Oh, the farmers and the businessmen, they all did decide
To show you the dead angels that they used to hide.
But why did they pick you to sympathize with their side?
Oh, how could they ever mistake you?
They wished you'd accepted the blame for the farm,
But with the sea at your feet and the phony false alarm,
And with the child of a hoodlum wrapped up in your arms,
How could they ever, ever persuade you?
Sad-eyed lady of the lowlands,
Where the sad-eyed prophet says that no man comes,
My warehouse eyes, my Arabian drums,
Should I leave them by your gate,
Or, sad-eyed lady, should I wait?

With your sheet-metal memory of Cannery Row,
And your magazine-husband who one day just had to go,
And your gentleness now, which you just can't help but show,
Who among them do you think would employ you?
Now you stand with your thief, you're on his parole
With your holy medallion which your fingertips fold,
And your saintlike face and your ghostlike soul,
Oh, who among them do you think could destroy you
Sad-eyed lady of the lowlands,
Where the sad-eyed prophet says that no man comes,
My warehouse eyes, my Arabian drums,
Should I leave them by your gate,
Or, sad-eyed lady, should I wait?

texanglican said...

Did you change the name back to Whitehall, sir? I rather liked the new name.

father wb said...

TEX --

I did. I got scared. Or rather, while there was some positivity regarding "Anglican Catholic," there was also some negativity. That is true of "Whitehall" too, though I think there was generally more positivity, and I like the distinctiveness of "Whitehall." Plus it saves people having to change their links. (Apologies to anyone who had already changed their links.)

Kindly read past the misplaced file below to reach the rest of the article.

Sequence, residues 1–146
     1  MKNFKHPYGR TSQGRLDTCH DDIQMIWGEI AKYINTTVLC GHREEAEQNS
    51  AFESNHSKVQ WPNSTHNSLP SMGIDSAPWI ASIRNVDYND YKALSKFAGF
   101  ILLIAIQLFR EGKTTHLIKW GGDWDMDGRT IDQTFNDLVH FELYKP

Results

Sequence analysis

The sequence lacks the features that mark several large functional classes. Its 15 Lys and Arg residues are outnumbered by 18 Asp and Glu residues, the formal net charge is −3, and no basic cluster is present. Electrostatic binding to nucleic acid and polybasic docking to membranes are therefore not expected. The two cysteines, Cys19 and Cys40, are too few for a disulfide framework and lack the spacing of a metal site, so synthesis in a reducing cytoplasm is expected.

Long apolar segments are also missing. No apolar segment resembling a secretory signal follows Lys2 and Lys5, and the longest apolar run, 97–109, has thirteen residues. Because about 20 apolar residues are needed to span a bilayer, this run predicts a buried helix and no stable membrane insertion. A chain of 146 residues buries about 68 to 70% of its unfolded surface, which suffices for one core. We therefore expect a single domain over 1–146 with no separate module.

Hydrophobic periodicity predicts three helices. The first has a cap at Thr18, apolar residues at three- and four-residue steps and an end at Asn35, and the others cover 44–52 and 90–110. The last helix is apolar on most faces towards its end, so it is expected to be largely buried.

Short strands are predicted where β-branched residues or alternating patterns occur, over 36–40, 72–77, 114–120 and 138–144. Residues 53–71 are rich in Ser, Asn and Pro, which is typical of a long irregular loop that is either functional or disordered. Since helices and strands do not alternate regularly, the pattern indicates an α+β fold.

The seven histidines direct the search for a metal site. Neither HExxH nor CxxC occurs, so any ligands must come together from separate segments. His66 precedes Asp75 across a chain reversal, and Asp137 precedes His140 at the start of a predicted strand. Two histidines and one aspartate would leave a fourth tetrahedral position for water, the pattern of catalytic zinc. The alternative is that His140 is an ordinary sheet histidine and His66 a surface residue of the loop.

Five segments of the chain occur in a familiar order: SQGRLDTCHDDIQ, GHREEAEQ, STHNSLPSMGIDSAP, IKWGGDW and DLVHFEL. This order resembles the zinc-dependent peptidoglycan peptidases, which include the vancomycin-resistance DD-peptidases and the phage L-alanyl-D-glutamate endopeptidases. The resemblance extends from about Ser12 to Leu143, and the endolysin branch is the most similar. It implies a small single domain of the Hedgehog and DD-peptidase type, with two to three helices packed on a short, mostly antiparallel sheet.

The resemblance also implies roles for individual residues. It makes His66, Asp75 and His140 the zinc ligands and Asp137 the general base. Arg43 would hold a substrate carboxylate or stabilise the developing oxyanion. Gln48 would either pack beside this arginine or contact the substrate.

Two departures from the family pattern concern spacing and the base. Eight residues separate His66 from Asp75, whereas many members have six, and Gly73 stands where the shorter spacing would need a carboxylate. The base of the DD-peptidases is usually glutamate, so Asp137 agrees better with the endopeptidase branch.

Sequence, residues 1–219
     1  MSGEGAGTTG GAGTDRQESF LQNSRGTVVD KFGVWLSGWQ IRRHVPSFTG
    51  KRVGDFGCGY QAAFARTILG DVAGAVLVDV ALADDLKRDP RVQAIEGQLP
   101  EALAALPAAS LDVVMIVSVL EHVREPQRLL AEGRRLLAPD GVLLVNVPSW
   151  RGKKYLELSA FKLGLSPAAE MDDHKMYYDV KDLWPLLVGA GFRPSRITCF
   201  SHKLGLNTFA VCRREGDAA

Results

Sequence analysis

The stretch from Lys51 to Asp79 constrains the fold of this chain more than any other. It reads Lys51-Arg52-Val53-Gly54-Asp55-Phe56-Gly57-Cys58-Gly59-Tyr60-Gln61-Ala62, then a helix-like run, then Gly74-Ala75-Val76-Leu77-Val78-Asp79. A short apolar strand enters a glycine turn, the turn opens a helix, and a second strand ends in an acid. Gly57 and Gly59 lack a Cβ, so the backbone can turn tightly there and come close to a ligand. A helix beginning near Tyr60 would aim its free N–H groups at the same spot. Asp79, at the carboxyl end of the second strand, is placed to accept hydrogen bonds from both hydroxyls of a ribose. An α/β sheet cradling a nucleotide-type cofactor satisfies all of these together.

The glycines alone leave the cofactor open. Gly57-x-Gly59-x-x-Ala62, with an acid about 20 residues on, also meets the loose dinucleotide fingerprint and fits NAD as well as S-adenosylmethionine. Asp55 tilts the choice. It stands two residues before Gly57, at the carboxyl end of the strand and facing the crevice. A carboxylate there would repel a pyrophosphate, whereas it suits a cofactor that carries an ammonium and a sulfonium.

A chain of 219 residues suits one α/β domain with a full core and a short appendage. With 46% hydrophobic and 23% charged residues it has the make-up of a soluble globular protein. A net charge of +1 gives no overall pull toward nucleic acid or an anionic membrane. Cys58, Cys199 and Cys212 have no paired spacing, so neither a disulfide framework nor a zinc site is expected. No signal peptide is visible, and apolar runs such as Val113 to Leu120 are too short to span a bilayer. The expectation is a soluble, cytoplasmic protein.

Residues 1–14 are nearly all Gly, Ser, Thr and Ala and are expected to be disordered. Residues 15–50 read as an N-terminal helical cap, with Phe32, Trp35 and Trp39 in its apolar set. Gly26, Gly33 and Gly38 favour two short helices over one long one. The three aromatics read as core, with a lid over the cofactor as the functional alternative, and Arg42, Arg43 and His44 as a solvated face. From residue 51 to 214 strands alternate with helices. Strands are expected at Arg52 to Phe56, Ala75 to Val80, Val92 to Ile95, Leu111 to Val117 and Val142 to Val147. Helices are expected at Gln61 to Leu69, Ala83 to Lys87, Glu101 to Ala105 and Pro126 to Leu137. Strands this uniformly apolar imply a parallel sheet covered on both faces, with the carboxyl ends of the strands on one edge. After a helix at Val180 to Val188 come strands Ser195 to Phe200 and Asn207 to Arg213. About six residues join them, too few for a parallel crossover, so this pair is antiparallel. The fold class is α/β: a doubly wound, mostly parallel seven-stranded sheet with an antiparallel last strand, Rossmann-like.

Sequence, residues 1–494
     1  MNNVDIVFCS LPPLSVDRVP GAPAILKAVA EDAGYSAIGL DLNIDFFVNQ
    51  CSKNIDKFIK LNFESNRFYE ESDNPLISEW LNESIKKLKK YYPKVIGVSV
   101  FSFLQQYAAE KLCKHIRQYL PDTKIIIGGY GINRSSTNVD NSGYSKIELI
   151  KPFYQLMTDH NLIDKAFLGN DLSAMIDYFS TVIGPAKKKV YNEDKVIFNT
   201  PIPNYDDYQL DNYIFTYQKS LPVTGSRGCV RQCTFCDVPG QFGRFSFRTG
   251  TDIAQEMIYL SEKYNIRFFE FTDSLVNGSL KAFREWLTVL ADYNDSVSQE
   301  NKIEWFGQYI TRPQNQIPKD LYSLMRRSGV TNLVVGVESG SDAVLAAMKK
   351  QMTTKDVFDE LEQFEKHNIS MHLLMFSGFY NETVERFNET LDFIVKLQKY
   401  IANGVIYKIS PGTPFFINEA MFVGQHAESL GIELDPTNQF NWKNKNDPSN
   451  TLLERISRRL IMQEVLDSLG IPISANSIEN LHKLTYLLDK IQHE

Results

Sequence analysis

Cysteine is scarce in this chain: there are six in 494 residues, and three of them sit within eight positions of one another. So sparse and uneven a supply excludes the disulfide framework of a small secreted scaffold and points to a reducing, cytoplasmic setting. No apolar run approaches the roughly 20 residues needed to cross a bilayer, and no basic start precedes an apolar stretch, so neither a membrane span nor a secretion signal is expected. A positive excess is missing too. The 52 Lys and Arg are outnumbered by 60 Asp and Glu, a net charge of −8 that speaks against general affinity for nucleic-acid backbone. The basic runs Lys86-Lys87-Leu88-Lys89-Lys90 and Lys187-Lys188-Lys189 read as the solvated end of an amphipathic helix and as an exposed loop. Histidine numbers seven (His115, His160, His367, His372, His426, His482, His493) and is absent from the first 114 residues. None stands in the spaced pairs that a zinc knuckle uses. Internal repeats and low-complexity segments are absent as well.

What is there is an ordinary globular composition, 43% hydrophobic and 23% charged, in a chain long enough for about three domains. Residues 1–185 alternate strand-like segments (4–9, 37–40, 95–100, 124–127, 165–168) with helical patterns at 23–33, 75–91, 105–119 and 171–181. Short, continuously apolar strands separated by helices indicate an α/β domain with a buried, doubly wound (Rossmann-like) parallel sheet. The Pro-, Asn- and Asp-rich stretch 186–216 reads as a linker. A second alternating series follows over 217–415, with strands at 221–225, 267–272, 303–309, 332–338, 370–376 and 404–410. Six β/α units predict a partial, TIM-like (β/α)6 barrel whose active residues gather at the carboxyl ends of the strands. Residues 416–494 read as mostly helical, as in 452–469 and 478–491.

My chief worry with "Whitehall" was precisely for those familiar enough with UK Civil Affairs for it to have in its semantic field all that bureaucratic baggage. But in the end, I wanted to keep the association with St. Charles, and Anglicanism (as in the center of London), and simply to have a less generic name.

I may yet switch back... especially after the site revamp, which is coming. Stay tuned!

mmbx said...

I still vote to stick with "Whitehall" with Anglican Catholic in the subtext. Also, if you are revamping, please find some art work that isn't aliens and gnomes. You had a very good history on the art choices until a few months ago when the aliens started appearing!

BTW, wonderful article on Lent.

dimbo said...

yeah, good stuff. i especially loved the quotation about the singer and all the places she has sung.
pray for me and my soul, boo and mm, for i am approaching a lost cause.

Anonymous said...

WB,

I might yet come around to Bonny Prince Billy, but better than Hart Crane? "The Broken Tower" is a hard poem to match.

ACR

Jody said...

I thought y'all might be interested in seeing the congregational trends for this little gem of a church ;-)... not really surrprising, but here it is for what it's worth.

from the ELCA

John J. O'Sullivan™ said...

Holy mackeral; a loss of over 500 people in one year?!? I'm assuming this is the year all this pagan nonsense began? I don't think any plagues or natural disasters hit the Pacific Northeast in 1998.

-j